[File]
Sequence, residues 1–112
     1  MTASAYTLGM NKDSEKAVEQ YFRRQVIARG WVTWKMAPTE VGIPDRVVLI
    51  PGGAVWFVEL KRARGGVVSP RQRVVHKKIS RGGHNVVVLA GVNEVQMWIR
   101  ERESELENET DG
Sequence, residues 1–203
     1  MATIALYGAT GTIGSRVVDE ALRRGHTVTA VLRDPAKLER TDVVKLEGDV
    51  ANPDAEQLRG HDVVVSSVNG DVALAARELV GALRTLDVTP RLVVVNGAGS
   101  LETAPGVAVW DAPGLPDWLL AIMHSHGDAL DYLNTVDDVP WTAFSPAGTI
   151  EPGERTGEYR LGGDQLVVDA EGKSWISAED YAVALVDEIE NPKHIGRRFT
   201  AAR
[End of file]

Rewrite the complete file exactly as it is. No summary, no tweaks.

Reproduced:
Sequence, residues 1–112
     1  MTASAYTLGM NKDSEKAVEQ YFRRQVIARG WVTWKMAPTE VGIPDRVVLI
    51  PGGAVWFVEL KRARGGVVSP RQRVVHKKIS RGGHNVVVLA GVNEVQMWIR
   101  ERESELENET DG
Sequence, residues 1–203
     1  MATIALYGAT GTIGSRVVDE ALRRGHTVTA VLRDPAKLER TDVVKLEGDV
    51  ANPDAEQLRG HDVVVSSVNG DVALAARELV GALRTLDVTP RLVVVNGAGS
   101  LETAPGVAVW DAPGLPDWLL AIMHSHGDAL DYLNTVDDVP WTAFSPAGTI
   151  EPGERTGEYR LGGDQLVVDA EGKSWISAED YAVALVDEIE NPKHIGRRFT
   201  AAR